previous next


No less, too, is the shrewdness displayed by those birds which make their nests upon the ground, because, from the extreme weight of their body, they are unable to fly aloft. There is a bird, known as the "merops,"1 which feeds its parents in their retreat: the colour of the plumage on the inside is pale, and azure without, while it is of a somewhat reddish hue at the extremity of the wings: this bird builds its nest in a hole which it digs to the depth of six feet.

Partridges2 fortify their retreat so well with thorns and shrubs, that it is effectually protected against beasts of prey. They make a soft bed for their eggs by burying them in the dust, but do not hatch them where they are laid: that no suspicion may arise from the fact of their being seen repeatedly about the same spot, they carry them away to some other place. The females also conceal themselves from their mates, in order that they may not be delayed in the process of incubation, as the males, in consequence of the warmth of their passions, are apt to break the eggs. The males, thus deprived of the females, fall to fighting among themselves; and it is said that the one that is conquered, is treated as a female by the other. Trogus Pompeius tells us that quails and dunghill cocks sometimes do the same; and adds, that wild partridges, when newly caught, or when beaten by the others, are trodden promiscuously by the tame ones. Through the very pugnacity thus inspired by the strength of their passions, these birds are often taken, as the leader of the whole covey frequently advances to fight with the decoy-Bird of the fowler; as soon as he is taken, another and then another will advance, all of which are caught in their turn. The females, again, are caught about the pairing season; for then they will come forward to quarrel with the female decoy-Bird of the fowler, and so drive her away. Indeed, in no other animal is there any such susceptibility in the sexual feelings; if the female only stands opposite to the male, while the wind is blowing from that direction, she3 will become impregnated; and during this time she is in a state of the greatest excitement, the beak being wide open and the tongue thrust out. The female will conceive also from the action of the air, as the male flies above her, and very often from only hearing his voice: indeed, to such a degree does passion get the better of her affection for her offspring, that although at the moment she is sitting furtively and in concealment, she will, if she perceives the female decoy-Bird of the fowler approaching her mate, call him back, and summon him away from the other, and voluntarily submit to his advances.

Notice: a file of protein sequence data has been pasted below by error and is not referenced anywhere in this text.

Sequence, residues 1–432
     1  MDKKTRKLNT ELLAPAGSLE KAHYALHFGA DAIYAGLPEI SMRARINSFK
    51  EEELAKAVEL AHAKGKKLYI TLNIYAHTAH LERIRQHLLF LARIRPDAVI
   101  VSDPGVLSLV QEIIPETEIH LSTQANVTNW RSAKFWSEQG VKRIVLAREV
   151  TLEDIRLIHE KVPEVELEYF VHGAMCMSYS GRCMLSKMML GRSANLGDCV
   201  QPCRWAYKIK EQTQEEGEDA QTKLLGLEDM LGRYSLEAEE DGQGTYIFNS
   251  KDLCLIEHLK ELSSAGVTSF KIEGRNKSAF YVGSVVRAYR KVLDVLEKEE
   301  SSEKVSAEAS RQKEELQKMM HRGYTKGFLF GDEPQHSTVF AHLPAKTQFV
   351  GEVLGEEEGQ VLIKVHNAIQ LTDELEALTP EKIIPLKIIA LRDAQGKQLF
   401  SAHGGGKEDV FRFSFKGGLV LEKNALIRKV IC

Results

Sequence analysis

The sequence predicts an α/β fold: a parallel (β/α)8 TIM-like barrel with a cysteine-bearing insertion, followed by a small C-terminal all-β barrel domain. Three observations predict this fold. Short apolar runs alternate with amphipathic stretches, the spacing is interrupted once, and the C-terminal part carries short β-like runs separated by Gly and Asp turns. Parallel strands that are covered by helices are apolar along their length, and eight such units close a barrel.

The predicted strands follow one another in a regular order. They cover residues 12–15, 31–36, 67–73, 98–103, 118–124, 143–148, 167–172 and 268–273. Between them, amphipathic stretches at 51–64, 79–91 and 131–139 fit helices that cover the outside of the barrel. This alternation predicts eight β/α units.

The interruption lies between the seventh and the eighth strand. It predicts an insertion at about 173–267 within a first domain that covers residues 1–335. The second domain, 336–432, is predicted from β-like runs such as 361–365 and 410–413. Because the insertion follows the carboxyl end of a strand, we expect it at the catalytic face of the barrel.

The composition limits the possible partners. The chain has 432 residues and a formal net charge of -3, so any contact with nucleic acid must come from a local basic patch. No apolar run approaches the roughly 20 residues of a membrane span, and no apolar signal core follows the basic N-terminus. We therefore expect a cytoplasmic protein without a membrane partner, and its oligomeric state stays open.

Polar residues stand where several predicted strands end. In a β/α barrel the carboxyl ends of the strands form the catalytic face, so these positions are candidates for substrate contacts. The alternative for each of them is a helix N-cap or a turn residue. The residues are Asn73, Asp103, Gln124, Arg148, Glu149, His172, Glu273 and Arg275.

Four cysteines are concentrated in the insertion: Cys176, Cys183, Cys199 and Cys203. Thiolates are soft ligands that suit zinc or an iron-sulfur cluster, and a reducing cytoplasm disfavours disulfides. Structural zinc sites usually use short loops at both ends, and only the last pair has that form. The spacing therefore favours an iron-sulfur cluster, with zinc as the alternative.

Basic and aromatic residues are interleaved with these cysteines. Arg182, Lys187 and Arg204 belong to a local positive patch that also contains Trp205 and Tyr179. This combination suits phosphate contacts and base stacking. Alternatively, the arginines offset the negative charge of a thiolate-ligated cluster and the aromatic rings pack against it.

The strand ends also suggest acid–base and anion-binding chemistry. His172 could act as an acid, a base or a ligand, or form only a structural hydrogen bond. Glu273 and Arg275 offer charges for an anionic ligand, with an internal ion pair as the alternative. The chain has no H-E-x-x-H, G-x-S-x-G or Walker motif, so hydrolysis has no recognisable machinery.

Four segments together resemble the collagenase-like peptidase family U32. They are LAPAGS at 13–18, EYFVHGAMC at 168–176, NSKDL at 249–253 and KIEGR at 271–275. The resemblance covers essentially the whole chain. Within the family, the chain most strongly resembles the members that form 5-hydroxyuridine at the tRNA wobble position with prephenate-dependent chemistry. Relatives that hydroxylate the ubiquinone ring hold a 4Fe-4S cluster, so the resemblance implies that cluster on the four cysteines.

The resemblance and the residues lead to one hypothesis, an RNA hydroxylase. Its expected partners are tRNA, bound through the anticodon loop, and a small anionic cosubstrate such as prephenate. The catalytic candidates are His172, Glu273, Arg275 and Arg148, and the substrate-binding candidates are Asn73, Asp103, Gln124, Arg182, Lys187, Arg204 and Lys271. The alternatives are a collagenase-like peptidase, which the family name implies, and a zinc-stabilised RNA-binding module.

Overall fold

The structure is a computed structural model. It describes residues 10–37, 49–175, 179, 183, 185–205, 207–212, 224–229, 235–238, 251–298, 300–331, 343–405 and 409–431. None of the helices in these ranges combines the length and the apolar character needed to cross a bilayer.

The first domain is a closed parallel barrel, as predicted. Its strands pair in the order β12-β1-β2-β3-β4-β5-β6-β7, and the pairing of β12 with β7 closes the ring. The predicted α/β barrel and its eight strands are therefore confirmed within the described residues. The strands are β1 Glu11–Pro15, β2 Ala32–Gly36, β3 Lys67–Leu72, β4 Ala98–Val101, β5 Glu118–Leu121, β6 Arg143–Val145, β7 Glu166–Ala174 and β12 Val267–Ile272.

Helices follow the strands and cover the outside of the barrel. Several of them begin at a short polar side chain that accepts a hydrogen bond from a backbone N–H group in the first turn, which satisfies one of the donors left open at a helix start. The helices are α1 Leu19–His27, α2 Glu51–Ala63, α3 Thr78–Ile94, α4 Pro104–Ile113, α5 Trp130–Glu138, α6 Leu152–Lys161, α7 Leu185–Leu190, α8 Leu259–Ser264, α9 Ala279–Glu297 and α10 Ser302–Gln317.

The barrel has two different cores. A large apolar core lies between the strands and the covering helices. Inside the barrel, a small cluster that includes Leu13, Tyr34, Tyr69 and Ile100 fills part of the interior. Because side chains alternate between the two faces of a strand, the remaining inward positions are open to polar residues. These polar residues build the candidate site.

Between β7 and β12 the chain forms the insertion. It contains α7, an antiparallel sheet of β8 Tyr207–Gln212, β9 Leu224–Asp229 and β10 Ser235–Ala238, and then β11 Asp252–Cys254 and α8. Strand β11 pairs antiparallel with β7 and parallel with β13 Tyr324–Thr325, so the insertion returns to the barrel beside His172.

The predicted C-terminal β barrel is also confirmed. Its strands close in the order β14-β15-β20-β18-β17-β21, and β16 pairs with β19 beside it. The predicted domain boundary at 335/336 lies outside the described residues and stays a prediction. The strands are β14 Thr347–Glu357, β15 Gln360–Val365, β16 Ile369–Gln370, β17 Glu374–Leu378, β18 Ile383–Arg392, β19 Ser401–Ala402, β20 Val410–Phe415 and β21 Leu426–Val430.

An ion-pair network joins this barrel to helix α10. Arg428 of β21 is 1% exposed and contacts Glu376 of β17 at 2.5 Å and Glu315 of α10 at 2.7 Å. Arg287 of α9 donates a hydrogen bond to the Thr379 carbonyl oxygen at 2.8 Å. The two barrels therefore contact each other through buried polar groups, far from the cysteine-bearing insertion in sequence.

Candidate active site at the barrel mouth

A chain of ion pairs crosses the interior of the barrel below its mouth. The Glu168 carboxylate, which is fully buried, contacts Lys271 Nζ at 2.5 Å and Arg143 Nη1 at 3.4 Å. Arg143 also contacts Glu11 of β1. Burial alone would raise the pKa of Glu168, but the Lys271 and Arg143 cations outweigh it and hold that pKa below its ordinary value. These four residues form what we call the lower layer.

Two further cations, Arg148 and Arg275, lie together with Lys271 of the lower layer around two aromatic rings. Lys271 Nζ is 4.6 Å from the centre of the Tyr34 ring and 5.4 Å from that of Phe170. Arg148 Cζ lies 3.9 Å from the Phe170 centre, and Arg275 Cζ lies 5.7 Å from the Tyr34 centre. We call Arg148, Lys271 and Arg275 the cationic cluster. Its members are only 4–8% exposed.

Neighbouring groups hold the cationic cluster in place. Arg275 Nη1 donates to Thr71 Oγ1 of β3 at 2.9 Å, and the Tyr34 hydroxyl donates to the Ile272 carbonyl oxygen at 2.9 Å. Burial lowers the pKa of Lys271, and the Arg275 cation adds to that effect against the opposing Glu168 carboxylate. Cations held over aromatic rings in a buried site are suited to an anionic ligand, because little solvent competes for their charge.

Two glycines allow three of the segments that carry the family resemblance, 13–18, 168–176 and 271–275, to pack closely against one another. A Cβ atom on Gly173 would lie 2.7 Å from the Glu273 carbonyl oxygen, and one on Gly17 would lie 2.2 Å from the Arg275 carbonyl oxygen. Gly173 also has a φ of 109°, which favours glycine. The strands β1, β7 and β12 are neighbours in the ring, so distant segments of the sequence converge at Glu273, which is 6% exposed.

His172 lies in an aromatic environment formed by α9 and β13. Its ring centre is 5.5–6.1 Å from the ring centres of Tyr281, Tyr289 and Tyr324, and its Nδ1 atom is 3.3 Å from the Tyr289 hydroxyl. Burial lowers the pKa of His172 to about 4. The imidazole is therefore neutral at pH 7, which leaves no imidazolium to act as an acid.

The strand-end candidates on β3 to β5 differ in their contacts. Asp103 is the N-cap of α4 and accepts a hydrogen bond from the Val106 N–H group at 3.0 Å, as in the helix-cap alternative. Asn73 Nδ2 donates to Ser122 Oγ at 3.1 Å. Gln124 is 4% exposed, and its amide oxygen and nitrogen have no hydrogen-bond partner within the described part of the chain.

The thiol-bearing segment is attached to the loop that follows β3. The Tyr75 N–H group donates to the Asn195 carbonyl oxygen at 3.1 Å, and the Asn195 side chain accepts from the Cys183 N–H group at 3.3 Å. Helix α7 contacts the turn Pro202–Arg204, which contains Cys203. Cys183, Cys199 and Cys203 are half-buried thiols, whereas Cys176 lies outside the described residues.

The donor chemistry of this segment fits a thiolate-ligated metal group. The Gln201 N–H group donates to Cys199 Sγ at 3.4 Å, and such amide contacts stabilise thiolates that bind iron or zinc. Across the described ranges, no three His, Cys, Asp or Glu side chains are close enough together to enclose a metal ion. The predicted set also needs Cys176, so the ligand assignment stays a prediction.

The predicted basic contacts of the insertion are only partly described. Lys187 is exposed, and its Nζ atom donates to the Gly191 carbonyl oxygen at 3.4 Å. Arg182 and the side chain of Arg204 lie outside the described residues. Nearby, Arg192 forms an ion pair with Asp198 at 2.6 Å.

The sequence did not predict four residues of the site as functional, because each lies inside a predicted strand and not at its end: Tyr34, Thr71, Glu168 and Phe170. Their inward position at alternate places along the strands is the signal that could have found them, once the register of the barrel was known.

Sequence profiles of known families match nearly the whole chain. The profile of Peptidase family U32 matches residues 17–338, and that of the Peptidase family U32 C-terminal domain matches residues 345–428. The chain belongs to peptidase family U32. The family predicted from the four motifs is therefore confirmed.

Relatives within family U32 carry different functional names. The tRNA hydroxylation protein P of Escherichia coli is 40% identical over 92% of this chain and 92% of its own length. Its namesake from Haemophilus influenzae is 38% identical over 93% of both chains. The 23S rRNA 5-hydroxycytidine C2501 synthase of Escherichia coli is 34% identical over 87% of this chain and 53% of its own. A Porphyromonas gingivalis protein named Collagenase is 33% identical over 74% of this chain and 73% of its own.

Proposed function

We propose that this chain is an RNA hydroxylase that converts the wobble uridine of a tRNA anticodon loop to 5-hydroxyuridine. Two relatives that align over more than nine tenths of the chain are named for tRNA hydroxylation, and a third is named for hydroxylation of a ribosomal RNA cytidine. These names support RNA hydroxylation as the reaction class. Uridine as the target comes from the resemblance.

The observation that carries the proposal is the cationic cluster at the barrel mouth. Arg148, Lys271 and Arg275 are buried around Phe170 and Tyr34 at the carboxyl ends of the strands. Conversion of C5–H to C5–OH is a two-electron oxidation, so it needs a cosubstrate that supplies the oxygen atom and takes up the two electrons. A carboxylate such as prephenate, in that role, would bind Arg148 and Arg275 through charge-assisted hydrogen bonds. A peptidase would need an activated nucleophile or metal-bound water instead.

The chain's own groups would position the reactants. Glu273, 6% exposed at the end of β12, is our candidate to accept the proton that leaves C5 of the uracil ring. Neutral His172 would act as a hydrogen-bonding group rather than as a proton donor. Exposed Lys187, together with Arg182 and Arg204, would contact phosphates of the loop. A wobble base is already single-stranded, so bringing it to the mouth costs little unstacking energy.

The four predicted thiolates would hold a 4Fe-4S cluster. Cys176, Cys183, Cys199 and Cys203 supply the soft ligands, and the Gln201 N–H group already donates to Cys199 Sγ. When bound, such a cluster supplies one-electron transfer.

Indeed, these birds are often carried away by such frantic madness, that they will settle, being quite blinded by fear,4 upon the very head of the fowler. If he happens to move in the direction of the nest, the female bird that is sitting will run and throw herself before his feet, pretending to be over-heavy, or else weak in the loins, and then, suddenly running or flying for a short distance before him, will fall down as though she had a wing broken, or else her feet; just as he is about to catch her, she will then take another fly, and so keep baffling him in his hopes, until she has led him to a considerable distance from her nest. As soon as she is rid of her fears, and free from all maternal disquietude, she will throw herself on her back in some furrow, and seizing a clod of earth with her claws, cover herself all over. It is supposed that the life of the partridge extends to sixteen years.

1 The Merops apiaster of Linnæus, or bee-eater.

2 Cuvier says that the red partridge, the Tetrao rufus of Linnæus, is meant.

3 The same wonderful story is told by Aristotle, Hist. Anim. B. v. c. 5, and by Ælian, Hist. Anim. B. xvii. c. 15.

4 "Metu." Aristotle says, by sexual passion. The reading is probably corrupt here.

Creative Commons License
This work is licensed under a Creative Commons Attribution-ShareAlike 3.0 United States License.

An XML version of this text is available for download, with the additional restriction that you offer Perseus any modifications you make. Perseus provides credit for all accepted changes, storing new additions in a versioning system.

load focus Latin (Karl Friedrich Theodor Mayhoff, 1906)
hide Places (automatically extracted)

View a map of the most frequently mentioned places in this document.

hide References (3 total)
  • Cross-references to this page (2):
    • A Dictionary of Greek and Roman Antiquities (1890), AGRICULTU´RA
    • A Dictionary of Greek and Roman Antiquities (1890), CENSOR
  • Cross-references in general dictionaries to this page (1):
hide Display Preferences
Greek Display:
Arabic Display:
View by Default:
Browse Bar: